Combined Authority is flexible friend to Hunts and E Cambs market town plans slowed by covid


30-07-2021

Cambridgeshire & Peterborough Combined Authority Board came to the help of market towns struggling with the effects of Covid when members unanimously approved requests from Huntingdonshire and East Cambridgeshire district councils to extend the funding timeline on Market Towns budget allocations.

The Board team, led by Mayor Dr Nik Johnson, this week approved Huntingdonshire District Council’s request for an extension on their Market Towns budget allocation of £3,100,000 from March 2022 to March 2024.

They also approved an HDC extension until March 2023 of the funding timeline and spend profile on their remaining £609,655 budget for the St Neots Masterplan (Phase 1).

A similar request for flexibility from East Cambridgeshire District Council’s was also granted – lengthening the funding timeline on their remaining Market Towns budget of £2,144,000 for Ely, Littleport and Soham from March 2022 to March 2023.

Members heard how Covid-19 disruption has impeded the planned activities within the period originally agreed.  The pandemic and  Government lockdowns stalled economic and social life across the UK and there has been an unprecedented slump in footfall and sales in the Cambridgeshire market towns of St Neots, St Ives, Ramsey, and Huntingdon.

This has savaged small business trade in town centres already struggling in the brunt of high-street decline.

It has meant that the original proposals for St Neots could not be delivered within the planned timeframe, leading to the change request being made.

East Cambridgeshire District Council’s  asked that their remaining CPCA Market Town Funds (£2,144,000) be ringfenced to allow firm proposals to go to the CA Board in Q4 (2021/22) and extending final project expenditure to 31st March 2023.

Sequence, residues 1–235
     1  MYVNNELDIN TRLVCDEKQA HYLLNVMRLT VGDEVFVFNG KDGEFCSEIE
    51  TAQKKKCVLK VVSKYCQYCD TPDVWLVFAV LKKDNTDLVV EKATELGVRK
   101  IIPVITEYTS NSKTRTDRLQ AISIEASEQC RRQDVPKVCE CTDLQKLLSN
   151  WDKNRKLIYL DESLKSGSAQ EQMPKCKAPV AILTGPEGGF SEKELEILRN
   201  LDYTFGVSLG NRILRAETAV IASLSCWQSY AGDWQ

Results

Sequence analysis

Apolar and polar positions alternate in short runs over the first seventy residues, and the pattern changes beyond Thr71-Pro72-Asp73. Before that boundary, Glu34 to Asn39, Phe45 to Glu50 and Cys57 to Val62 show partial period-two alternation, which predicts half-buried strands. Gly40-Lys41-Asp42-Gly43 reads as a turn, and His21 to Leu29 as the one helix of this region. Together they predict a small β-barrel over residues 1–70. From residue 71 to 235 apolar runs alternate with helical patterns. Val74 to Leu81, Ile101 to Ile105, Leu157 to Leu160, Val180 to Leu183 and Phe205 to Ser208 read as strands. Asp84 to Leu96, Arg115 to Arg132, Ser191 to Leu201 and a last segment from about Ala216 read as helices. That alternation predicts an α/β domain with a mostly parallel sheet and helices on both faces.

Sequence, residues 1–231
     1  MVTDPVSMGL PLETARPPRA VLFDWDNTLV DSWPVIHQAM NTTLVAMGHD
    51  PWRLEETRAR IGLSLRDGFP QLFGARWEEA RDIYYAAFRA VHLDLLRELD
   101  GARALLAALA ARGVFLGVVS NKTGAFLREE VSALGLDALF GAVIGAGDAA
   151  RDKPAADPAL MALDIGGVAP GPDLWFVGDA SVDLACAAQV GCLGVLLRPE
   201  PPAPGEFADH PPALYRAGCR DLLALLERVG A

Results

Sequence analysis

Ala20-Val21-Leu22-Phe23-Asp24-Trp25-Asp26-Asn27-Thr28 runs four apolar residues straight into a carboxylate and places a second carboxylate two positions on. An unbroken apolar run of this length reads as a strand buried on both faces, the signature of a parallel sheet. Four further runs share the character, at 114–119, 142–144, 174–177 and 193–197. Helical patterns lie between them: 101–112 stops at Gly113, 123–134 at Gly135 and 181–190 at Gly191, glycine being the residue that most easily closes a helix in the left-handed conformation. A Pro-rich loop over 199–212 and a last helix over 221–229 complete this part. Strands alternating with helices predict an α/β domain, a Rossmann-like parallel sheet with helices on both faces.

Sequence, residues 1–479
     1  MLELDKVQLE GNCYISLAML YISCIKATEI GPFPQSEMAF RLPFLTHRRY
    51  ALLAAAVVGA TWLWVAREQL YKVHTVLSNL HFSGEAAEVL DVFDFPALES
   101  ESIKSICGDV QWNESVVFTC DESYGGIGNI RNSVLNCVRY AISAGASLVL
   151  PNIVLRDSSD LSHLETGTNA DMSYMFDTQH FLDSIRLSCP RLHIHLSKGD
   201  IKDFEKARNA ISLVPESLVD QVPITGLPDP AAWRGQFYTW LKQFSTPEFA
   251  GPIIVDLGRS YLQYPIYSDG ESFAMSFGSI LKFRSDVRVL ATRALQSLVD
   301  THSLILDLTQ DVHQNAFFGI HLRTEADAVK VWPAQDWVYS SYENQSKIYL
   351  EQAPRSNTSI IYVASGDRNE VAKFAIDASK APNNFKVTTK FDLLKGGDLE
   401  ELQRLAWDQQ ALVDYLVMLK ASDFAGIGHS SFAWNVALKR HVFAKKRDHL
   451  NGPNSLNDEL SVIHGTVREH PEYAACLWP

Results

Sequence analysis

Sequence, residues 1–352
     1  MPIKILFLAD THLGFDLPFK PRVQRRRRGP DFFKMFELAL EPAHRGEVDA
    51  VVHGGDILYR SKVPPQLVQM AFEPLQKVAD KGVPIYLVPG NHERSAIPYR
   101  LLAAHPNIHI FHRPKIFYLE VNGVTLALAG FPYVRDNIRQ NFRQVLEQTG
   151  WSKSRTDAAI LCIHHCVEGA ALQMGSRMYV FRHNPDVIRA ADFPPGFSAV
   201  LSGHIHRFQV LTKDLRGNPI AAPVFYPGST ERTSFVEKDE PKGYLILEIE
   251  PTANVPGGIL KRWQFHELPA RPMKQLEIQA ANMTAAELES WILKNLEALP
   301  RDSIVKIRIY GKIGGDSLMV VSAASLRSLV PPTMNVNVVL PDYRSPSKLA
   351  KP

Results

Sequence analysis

This will allow the completion of feasibility studies and business cases for longer-term projects for Ely (£344,000) and Soham (£800,000) and allow completion of feasibility / business case for the proposed A10 Roundabout at Littleport (£1,000,000).

The Board vote reflected the collaborative working that drives the Combined Authority’s market towns programme, aligning funds with realistic delivery timelines with the aim of maximising benefit to the market town communities.

Dr Nik Johnson, Mayor of Cambridgeshire & Peterborough, said: “We listen to local partners and want to give our market towns every bit of help possible. I’m delighted that my own nearby town St Neots has these exciting development plans and the other market town communities feel just the same about their own improvement schemes. These requests were simple to approve and there wasn’t any debate. Everyone on the Board recognised it was the right thing and gave wholehearted approval to the changes.”

 

 

The Combined Authority is made up of eight founding members across Cambridgeshire and Peterborough. Each partner is represented by their leader at Combined Authority meetings.

Cambridgeshire & Peterborough Combined Authority